While you were reading my ruminations last Saturday, I was partying “big” in Kampala. I had turned 73, you see, and my beloved FEMRITE sisters had, irresistibly, tempted me into celebrating differently: with a huge slice of verse.
So, here they were, the Uganda women writers and their poetic brothers, descending on me in my rather sun-roasted lusuku (banana grove) in Gayaza, loaded with versified goodies, and lots of love. They had wanted to read only my verse, in their monthly feature called “author of the month”. But I asked that we share the stage, with their own verse, of which there has been a rich and impressive crop of late.
Indeed, I am in the process of writing a preface to the Uganda Women Writer’s latest verse collection, featuring a wide variety of versifiers ranging from veterans to brand new appearances. What particularly strikes me is the dexterity and polish of the compositions of many of the young poets. I have the same impression of the work of the young Kenyans, including my prize-winning former student, K J Nyamu.
This success is, obviously, not accidental. It is the result of dedicated and systematic hard work, which is a sine-qua-non, an essential requirement, of all good writing. The young people’s seriousness in this direction is a heart-warming vindication of my lifelong advocacy of technique in creativity.
I am endlessly on record as insisting that strong feelings, ardent social concern or a burning desire to communicate, and the like, are important, but they are not enough to produce artistic writing, especially verse. To turn all these into a viable text, the writer has to display competent language use, meticulous patterning and organization and a “startling” imagination that turns concepts into leaping, palpable pictures.
This strident, even sometimes cantankerous, campaign of mine dates from the mid-1960s, when I realized that a lot of us with a “poetic” chip on our shoulder were getting away with a lot of trash in the name of “abstract” or “free” verse. We were also taking advantage of the generosity of the so-called “midwives” of African Literature, like David Cook, Gerald Moore, Ulli Beier, Bob Green and their ilk.
These teachers and friends of ours were so anxious to encourage our efforts that they often indulged us, even when we were obviously below par. I published a piece called “The Poem” in The Makerere Beat, our student periodical in those days. In it I castigated our undeservedly praised clumsy non-verse “poems” as: “cowardlycriticreated… clapyaptrapcrap… shitknitwiteverybitshit”. I apologize for the crudity, but I was looking for a way of saying that the timidity of our professors sometimes misled us.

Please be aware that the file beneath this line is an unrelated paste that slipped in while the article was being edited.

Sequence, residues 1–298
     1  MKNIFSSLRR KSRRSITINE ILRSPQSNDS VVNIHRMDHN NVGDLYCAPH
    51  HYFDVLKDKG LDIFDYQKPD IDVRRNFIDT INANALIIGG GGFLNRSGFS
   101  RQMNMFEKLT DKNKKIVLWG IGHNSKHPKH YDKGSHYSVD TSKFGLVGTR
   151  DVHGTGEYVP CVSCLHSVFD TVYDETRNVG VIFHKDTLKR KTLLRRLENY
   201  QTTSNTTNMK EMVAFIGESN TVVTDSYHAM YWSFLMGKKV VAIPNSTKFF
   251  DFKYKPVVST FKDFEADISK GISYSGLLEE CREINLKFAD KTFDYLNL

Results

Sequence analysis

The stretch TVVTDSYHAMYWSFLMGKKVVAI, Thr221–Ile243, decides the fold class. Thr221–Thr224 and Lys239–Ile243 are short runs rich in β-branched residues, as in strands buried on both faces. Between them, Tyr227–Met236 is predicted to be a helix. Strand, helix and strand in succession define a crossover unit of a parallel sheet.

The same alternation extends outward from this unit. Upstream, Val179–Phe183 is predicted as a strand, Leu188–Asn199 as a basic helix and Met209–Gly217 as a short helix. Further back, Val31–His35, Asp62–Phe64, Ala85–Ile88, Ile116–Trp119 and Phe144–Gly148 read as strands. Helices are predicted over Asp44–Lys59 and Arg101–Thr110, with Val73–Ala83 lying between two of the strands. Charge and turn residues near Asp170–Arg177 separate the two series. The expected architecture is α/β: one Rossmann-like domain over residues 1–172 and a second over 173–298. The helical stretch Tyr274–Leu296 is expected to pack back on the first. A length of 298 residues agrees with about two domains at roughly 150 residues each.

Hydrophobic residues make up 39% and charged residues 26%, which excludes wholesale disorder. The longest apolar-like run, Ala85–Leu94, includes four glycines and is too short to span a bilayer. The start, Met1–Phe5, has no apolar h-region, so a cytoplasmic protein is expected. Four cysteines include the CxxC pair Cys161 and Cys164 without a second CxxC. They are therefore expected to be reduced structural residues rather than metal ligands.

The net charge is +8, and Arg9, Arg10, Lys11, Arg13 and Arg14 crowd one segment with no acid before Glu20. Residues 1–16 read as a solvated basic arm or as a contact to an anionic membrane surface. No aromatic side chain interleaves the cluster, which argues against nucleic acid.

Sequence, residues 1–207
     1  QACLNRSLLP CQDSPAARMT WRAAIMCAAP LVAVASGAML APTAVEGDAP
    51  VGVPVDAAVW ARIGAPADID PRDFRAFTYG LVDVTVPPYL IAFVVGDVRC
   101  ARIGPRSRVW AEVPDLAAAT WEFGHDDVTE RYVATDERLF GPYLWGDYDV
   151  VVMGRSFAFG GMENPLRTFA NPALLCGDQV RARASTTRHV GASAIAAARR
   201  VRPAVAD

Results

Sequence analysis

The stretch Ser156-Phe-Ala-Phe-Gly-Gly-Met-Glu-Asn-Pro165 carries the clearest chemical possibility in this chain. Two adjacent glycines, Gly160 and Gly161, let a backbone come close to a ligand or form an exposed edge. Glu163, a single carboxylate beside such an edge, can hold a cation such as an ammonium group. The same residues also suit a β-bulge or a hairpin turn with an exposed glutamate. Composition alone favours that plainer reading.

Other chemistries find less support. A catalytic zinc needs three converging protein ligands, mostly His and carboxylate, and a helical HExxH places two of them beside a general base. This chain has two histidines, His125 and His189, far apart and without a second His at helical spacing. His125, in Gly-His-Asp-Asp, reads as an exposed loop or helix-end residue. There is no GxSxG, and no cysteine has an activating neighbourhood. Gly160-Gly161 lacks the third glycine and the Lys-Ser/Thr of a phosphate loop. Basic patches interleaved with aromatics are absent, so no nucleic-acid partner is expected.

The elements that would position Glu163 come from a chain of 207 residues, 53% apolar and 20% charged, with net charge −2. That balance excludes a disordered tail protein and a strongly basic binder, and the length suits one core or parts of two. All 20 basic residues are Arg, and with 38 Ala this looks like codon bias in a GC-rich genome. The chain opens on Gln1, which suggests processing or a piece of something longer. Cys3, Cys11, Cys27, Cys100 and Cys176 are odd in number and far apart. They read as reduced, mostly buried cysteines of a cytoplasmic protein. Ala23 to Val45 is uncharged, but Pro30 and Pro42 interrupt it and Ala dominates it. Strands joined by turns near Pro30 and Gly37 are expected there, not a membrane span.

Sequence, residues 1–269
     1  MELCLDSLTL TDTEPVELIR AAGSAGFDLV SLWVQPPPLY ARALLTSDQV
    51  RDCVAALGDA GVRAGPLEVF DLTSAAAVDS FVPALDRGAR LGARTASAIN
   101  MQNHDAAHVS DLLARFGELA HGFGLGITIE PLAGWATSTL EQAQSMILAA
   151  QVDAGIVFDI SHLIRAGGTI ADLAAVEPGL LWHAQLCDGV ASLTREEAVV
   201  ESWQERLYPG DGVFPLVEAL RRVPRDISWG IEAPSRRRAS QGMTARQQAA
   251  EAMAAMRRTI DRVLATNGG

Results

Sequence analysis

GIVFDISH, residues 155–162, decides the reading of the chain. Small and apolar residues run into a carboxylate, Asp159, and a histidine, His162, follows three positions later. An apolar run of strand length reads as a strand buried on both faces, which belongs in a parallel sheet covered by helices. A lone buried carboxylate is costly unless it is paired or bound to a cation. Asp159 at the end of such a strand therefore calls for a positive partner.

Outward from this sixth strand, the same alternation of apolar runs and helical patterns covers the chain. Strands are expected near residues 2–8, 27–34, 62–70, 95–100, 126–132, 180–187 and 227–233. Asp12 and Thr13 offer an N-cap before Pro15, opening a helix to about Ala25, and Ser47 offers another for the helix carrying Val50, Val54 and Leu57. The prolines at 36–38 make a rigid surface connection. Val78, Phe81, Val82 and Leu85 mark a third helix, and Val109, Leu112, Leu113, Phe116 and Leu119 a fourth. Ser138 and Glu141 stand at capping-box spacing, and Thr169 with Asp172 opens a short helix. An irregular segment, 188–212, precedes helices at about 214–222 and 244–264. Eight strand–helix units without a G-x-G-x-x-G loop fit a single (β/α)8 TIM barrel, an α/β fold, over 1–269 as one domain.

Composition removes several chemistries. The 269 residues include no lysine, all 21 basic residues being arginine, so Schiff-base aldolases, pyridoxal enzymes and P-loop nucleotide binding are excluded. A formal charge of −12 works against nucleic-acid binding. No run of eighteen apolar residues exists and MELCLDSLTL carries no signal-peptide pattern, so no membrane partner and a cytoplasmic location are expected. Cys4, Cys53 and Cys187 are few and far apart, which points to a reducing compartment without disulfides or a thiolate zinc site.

This reminds me of a Makerere professor who was convinced that it was easy to write poetry. He believed, and used to say, that if you slammed an “oh” to the beginning of any statement, you were making poetry.
A sample of his verse would be something like: “oh latitude, oh longitude, oh tropic of Cancer/ oh tropic of Capricorn!” The good gentleman was a geographer, you see, and his credentials there were impeccable. But as for the poetics of his verse, oh, I am not qualified to judge.
Anyway, back to my birthday/verse day bash, there was none of that “oh” yap-yap or claptrap last Saturday. The readings were exquisite multilingual selections from the FEMRITE Readers Club, in both prose and verse. As I said earlier, I was touched by not only the depth and maturity of sentiment in the pieces but also by the sophistication of the expression.
Indeed, several of the presentations were from national and international prize-winning works, like Lillian Akampurira Aujo’s Jalada-ranked short story, “Where pumpkin leaves dwell”, Peter Kagayi’s much-touted volume, The Headline That Morning, and Harriet Anena’s collection, A Nation in Labour.
As always when I mention books, I cannot fail to lament the fact that such works are not readily available across the East African region. What are our booksellers doing?
Incidentally, another thing that struck and delighted me at our reading party was the realization that there is a healthy proliferation of new and apparently small publishers producing and marketing these new works.
This, again, chimed well with the advice that I keep giving my upcoming author friends, that they should seriously consider self-publication, as well as online options. We have the technology for them.
I wonder if my friend Anthony Wesonga Oduori, who heeded my advice in this direction some years ago, is aware that many are following in his nyayo. The FEMRITE authors at my party even emulated him by donating autographed copies of their works to me as birthday presents. Can I complain? Indeed, my cup doth overflow. But I should not end without telling you about the poem that Harriet Anena read us from her collection. My friends, huyo dada yu anena (that sister is really talking). The speaker in the poem she presented talks about love-making.
She says that getting intimate with her should be as solemn as offering a divine sacrifice, celebrating mass or holy communion, complete with opening and reading the holy scriptures.
The ensuing debate was heated and emotional. Some of us felt the use of sacred images in the poem verged on the irreverent. Others, however, insisted that it was appropriate, since love, in all its aspects, is a hallowed and sacred gift, not to be taken lightly, and certainly not casually. Coming just a few days before Valentine’s, the debate was curiously apt.
Anyway, I was thoroughly rejuvenated by the love of my FEMRITE sisters and brothers, and the verse, on my birthday. I was so uplifted that I completely forgot about the implications of attaining the advanced age of seventy-three and what I should do about it.
But that is a story for another day.
Prof Bukenya is one of the leading scholars of English and Literature in East Africa. [email protected]